iBook Clamshell Mode
December 10, 2003 6:31 AM   Subscribe

AskAppleFilter Is there any way of shutting my iBook without it going to sleep? Specifically I want to play music via iTunes with the li' puppy shut up snug.
posted by i_cola to Computers & Internet (13 answers total)
It's been a while since I had my iBook, but I don't think so. See here. There is a patch mentioned, called NoSleep, that you can get here. At your own risk, as they say.
posted by grimley at 6:40 AM on December 10, 2003

I remember hearing about some kind of hack that could do this, but apparently there are fundamental problems with heat dissipation issues. Not entirely sure if it would be wise to keep your iBook running with the screen down for any significant period of time... might cook the LCD or something.
posted by adrianhon at 6:47 AM on December 10, 2003

Here's another link to macosxhints that have a few tricks. Some think there's no danger, others advise against. I've not tried these. An iBook is an expensive, heavy mp3 player. I'd get an iPod if I were you.
posted by birdherder at 6:51 AM on December 10, 2003

Here's a low-tech solution, though adrianhon might be right about the heating issues.
posted by Smart Dalek at 7:09 AM on December 10, 2003

The process is called "enable clamshell mode" and is mentioned as an Open Firmware Hack together with Monitor spanning, see the fool proof description at extended Desktop. Personally I use the extended desktop but decided against clamshell mode in fear of overheating problems (and because I don't have a use for it). So far monitor spanning works perfectly.

The question is if the space between the lid and the keyboard in the latest powerbooks (that can work when closed without a hack) gives so much more ventilation then that of the iBook. Maybe it is really pure marketing to differentiate the iBook from the Powerbook.
posted by meikel at 7:12 AM on December 10, 2003

It's not safe (the PowerBook is designed to be operated closed (as well as open), but the iBook, not being of the "professional" line, is not). I'd buy one of those cooling laptop stands (usually a block of metal that sits under the laptop) and use the aforementioned Open Firmware hack.
posted by j.edwards at 8:40 AM on December 10, 2003

meikel: The question is if the space between the lid and the keyboard in the latest powerbooks (that can work when closed without a hack) gives so much more ventilation then that of the iBook. Maybe it is really pure marketing to differentiate the iBook from the Powerbook.

I'll say as the owner of a brand-spankin'-new G4 iBook that the clearance between the keys and the screen is at least that of the current crop of PowerBooks I evaluated as a part of the purchase process (and significantly greater than the TiBook/400 I was replacing). The iBook is also not noticeably hotter running than the TiBook either. If ventilation space is the issue, I'd say the only thing between you and using an iBook in "clamshell mode" is Apple's marketing department trying desperately to maintain the difference between a "professional" laptop and a "consumer" laptop...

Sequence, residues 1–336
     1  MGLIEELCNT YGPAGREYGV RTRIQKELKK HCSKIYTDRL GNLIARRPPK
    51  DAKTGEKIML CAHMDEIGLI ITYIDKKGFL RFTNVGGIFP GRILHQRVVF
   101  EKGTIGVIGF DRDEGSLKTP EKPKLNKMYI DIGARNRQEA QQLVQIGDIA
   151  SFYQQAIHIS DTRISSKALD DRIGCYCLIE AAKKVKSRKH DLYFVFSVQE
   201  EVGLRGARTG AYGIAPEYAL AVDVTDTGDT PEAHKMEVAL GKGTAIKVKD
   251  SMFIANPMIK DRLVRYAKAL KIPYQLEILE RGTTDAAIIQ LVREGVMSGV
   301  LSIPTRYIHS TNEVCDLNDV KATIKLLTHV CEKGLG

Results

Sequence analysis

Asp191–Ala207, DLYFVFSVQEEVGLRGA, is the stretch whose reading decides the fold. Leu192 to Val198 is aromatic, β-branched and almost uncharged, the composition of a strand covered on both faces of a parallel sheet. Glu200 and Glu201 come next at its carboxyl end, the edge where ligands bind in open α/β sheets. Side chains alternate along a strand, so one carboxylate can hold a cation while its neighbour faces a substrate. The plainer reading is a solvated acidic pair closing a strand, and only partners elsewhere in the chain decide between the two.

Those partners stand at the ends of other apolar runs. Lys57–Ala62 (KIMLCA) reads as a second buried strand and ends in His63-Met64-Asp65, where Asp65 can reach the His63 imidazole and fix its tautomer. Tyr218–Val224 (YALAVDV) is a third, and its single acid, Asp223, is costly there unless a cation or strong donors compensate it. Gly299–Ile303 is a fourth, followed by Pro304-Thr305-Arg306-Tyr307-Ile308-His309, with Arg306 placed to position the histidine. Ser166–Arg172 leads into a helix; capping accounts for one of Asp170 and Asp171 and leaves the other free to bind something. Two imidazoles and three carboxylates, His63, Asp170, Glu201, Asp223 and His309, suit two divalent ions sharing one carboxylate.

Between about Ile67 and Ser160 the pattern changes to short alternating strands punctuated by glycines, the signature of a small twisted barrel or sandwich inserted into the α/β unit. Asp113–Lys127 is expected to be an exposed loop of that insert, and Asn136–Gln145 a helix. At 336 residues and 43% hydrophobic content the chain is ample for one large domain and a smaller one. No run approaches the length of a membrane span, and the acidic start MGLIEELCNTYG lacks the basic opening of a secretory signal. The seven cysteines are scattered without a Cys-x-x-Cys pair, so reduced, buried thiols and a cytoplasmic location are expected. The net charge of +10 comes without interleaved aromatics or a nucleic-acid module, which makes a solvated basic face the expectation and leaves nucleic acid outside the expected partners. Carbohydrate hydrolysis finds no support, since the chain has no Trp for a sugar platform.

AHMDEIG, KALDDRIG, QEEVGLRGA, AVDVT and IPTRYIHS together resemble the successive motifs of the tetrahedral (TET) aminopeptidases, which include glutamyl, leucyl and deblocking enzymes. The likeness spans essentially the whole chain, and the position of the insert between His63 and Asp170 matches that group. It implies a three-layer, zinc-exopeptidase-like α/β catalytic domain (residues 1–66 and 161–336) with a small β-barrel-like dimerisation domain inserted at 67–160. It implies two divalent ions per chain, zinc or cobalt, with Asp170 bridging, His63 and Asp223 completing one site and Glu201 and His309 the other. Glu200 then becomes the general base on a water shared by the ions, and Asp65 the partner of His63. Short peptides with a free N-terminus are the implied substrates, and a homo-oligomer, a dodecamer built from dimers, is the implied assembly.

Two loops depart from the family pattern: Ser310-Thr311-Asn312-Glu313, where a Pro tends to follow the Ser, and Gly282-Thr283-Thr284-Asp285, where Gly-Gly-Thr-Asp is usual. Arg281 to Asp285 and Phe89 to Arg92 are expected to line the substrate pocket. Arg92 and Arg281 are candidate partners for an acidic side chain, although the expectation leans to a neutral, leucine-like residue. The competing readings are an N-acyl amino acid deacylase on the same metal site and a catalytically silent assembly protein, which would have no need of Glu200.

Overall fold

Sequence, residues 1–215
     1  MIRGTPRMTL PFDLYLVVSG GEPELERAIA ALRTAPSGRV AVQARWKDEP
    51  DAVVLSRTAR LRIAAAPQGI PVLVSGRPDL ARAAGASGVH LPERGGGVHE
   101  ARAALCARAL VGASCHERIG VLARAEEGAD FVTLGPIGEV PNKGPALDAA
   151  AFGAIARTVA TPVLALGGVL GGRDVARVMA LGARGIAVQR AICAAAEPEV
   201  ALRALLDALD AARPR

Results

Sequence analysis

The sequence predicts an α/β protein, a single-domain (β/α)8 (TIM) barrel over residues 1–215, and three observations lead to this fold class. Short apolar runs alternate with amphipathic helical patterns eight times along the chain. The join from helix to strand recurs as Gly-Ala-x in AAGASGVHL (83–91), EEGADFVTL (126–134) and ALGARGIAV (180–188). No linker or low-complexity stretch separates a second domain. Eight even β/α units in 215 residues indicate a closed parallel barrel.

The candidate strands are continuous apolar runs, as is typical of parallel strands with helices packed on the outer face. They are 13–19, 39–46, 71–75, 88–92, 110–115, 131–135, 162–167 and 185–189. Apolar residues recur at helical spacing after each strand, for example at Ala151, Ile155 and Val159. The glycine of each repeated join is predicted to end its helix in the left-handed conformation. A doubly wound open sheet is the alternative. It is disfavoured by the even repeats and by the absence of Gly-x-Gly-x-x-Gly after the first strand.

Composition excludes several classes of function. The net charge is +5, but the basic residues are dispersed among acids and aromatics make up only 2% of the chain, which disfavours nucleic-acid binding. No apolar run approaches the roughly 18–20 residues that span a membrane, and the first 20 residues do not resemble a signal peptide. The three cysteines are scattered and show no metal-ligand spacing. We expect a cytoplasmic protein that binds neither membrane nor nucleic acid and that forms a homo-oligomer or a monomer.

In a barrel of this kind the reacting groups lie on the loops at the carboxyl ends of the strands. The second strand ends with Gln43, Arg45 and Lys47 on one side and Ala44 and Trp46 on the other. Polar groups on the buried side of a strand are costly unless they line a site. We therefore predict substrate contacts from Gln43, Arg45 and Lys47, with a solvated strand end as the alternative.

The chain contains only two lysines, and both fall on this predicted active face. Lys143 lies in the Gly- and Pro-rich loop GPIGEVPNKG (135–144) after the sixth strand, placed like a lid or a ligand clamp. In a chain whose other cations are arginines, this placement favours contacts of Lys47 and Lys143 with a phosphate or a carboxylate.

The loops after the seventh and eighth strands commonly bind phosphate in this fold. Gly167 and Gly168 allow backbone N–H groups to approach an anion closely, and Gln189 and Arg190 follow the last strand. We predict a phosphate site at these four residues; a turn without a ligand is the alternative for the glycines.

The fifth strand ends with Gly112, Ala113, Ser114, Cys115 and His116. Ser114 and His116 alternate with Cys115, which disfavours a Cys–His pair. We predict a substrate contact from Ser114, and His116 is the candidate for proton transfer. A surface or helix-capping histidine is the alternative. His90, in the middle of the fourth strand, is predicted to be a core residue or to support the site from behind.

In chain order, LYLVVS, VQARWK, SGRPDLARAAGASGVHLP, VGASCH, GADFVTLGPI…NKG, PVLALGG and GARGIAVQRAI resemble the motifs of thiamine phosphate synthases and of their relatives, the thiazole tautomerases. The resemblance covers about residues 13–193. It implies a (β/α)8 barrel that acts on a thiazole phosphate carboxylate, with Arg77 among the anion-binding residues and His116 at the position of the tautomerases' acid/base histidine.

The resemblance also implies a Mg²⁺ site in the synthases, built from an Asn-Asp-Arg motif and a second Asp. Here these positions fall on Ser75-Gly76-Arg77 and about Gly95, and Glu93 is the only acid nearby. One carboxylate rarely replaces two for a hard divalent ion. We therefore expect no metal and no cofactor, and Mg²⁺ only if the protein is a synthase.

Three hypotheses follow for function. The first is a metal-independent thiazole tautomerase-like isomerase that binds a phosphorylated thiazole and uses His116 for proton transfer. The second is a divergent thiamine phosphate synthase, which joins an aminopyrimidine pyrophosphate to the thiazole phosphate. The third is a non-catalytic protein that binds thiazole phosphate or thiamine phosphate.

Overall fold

posted by JollyWanker at 9:13 AM on December 10, 2003

You might want to ask at Mac Mentor.
posted by dobbs at 9:35 AM on December 10, 2003

so, there is no way to shut down the display but not put it in sleep mode when closed? Or is it that it gets too hot regardless?
posted by Hackworth at 9:51 AM on December 10, 2003

I don't know if this helps, but I run my 12" powerbook in clamshell mode 24/7 and it seems to work fine. I have an external monitor hooked up to it, and a mouse I use just to wake it up (I control the machine via VNC from a PC). I use a Podium CoolPad to keep air flowing to the bottom of the laptop and that seems to work great.

I think I've heard the extra fan come on once or twice when I was compressing video while doing 5 other things simultaneously.
posted by mathowie at 9:58 AM on December 10, 2003

You could turn the monitor display brightness to "0" and try that. I believe the main difference between the iBooks and the Al series is that the fans for the iBook vent through the keyboard, hence the overheating potential.
posted by grimley at 11:05 AM on December 10, 2003

My iBook monitor burnt out a few months ago (out of warranty) but the computer itself was fine, so I plugged in an external monitor and then went around looking for the answer to the exact same question. The heat issue kept coming up. My solution is just to turn the brightness down all the way on the laptop (F14 on an external keyboard) and then close it about 90% of the way. I have a stack of Post-Its that I've stuck near the touchpad that holds it open about an inch, which I figure has to be enough for heat dissipation. It's not ideal but at least it doesn't take up as much room on my desk.
posted by web-goddess at 4:49 PM on December 10, 2003

Response by poster: Thanks for all of the replies...very helpful.

To elaborate slightly from the original post, I'm on a 6-month world tour at the moment so the iBook (800MHz G3 12.1") is saving me carrying round a CD/AIFF/MP3 player, DVD/VCD player and spending too long on creaky computers in internet cafes. I can send some fun videos back to my nieces in the UK too. Hell, I may even sort out my weblog whilst I'm at it...

I'm in Sri Lanka at the moment & heading to Thailand & Indonesia so heat is an issue. [It's a hard life ;-)] I'll post back here with any futher findings....cheers.
posted by i_cola at 12:32 AM on December 12, 2003

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